1. They have already declined. Few people take English departments seriously anymore because few people in those departments take English seriously. They don’t see their job as teaching English. Instead, they are highly politicized. At my little college, they don’t even want to be called an English department–they prefer Communications.

  2. How very multicultural of you, Mr. Oliveria. Charlotte Allen comes from a culture that doesn’t understand why one has to go into massive debt to expose oneself to the modern university’s idea of literature. Why don’t you respect her culture? If you want to spend thousand of dollars to have some state-certified intellectual tell you that America and white people suck, fine. It’s your money and your soul. But don’t denigrate others who have a different estimation of the value of what our English Departments are peddling. You show a dismal appreciation for the glories of multicultural. How shameful!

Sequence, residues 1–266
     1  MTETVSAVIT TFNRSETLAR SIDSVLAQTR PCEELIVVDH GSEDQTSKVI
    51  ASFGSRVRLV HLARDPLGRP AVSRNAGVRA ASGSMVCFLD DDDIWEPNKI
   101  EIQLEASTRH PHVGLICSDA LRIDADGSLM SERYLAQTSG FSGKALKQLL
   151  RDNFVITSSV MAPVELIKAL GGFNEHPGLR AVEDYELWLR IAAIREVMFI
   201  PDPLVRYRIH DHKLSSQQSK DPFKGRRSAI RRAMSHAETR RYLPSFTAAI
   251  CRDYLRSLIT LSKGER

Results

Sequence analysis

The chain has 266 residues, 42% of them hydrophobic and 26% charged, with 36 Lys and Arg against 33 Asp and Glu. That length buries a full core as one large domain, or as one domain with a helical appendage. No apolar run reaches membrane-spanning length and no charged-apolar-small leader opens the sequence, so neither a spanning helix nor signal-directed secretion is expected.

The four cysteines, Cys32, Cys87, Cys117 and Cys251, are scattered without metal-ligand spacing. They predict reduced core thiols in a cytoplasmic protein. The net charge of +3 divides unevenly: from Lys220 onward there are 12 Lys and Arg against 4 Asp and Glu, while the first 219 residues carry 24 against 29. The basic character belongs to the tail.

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  3. I don’t see any indication that Charlotte Allen doesn’t believe in “the value of the human soul,” nor do I see any way of knowing how Goethe and Shakespeare would have responded to this twenty-first century blog. It seems to me a little too convenient for Anthony Oliveira to assume that long-dead writers would have joined in on his argumentum ad hominem. More to the point, Ms. Allen doesn’t say that the humanities don’t have value; she just seems to think that a more traditional approach than currently predominates would be better at affirming “the value of the soul.” Given the other pieces I have seen by her, she also apparently thinks that regardless of how intrinsically valuable an education may be if you are going to go deeply in debt to get one you’ve got to have a plan for covering the debt. Good points and snobbery about “bean counting” doesn’t rebut them.